Despite the Nigerian army’s claim that those fleeing the troubled part of northern Nigeria are not Nigerians, and that the crisis has not displaced as many Nigerians as widely reported, the UN refugee agency has said thousands of people are fleeing to Chad, Niger and Cameroon as the crisis in the country deepens.
UNHCR officers said on Tuesday that up to 3,000 refugees had arrived in Cameroon amid reports of at least 6,000 people escaping to Niger over the past weeks as the confrontation between the Nigerian army and the Boko Haram group intensified in the country’s northeast.
Africa spokesperson for UNHCR, Fatou Lejeune-Kaba said, “The immediate priority is to secure food and shelter as refugees are entering extremely harsh and difficult areas”.
Cameroon had initially closed its border with Nigeria to prevent members of Boko Haram from entering, but after June 11, the border was re-opened, the UNHCR said.
With fighting only intensifying, and about 3,000 people arriving between June 11-13 alone, there are concerns that this may be the start of a large exodus from the region.
The Federal government embarked on a major military offensive on May 15 to root out the Boko Haram group responsible for a series of bloody attacks in Nigeria over the past four years that has claimed many lives, with a state of emergency imposed on Adamawa, Borno and Yobe states.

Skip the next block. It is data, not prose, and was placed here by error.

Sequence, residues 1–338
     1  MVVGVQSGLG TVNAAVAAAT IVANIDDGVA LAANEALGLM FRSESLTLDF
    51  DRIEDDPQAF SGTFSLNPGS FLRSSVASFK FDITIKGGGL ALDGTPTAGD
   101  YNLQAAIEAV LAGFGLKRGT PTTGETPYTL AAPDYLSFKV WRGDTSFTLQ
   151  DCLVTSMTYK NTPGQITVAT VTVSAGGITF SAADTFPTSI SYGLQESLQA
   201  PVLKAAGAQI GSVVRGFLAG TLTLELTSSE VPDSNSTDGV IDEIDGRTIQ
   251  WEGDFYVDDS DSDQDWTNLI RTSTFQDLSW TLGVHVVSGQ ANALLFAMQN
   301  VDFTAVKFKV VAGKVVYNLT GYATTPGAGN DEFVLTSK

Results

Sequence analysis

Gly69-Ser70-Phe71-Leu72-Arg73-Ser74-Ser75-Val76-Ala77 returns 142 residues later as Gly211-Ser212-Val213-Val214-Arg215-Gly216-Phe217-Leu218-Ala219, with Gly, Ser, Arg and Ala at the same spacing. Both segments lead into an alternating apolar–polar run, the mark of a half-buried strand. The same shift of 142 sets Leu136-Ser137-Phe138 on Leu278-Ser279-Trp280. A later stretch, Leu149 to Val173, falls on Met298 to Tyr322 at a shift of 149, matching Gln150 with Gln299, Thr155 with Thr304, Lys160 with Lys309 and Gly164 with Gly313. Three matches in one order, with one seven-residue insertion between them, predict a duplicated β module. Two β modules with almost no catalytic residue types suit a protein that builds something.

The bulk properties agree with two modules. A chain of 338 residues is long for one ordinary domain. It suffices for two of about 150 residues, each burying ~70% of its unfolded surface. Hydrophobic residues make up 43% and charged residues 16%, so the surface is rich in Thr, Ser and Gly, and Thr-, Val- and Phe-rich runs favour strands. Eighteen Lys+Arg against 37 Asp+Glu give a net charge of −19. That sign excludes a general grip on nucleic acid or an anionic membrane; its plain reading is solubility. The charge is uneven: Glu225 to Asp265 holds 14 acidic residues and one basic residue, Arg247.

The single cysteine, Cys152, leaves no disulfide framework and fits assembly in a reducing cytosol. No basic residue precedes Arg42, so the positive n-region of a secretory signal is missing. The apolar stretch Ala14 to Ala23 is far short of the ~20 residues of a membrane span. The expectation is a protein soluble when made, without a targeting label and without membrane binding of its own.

The UNHCR said crossings into Cameroon began a week ago, with most of the refugees being women and children.
Refugees are being hosted in churches and schools, and relying on food from the local population.
We are working with the authorities to relocate the refugees to safer places away from the border, away from possible fighting, Lejeune-Kaba said.
Meanwhile in Niger, trucks carrying aid was dispatched from Niamey to the southeastern Diffa region, where more than 6,000 people have arrived from northern Nigeria in the past weeks. Military sources however said most of the so-called Nigerien refugees are just Nigeriens returning home.
Most of the new arrivals in Niger traveled on foot from rural villages across the border and from Maiduguri and Baga towns.
In Chad, refugees have been arriving in small numbers, saying their homes were destroyed after the military accused them of harbouring Boko Haram fighters.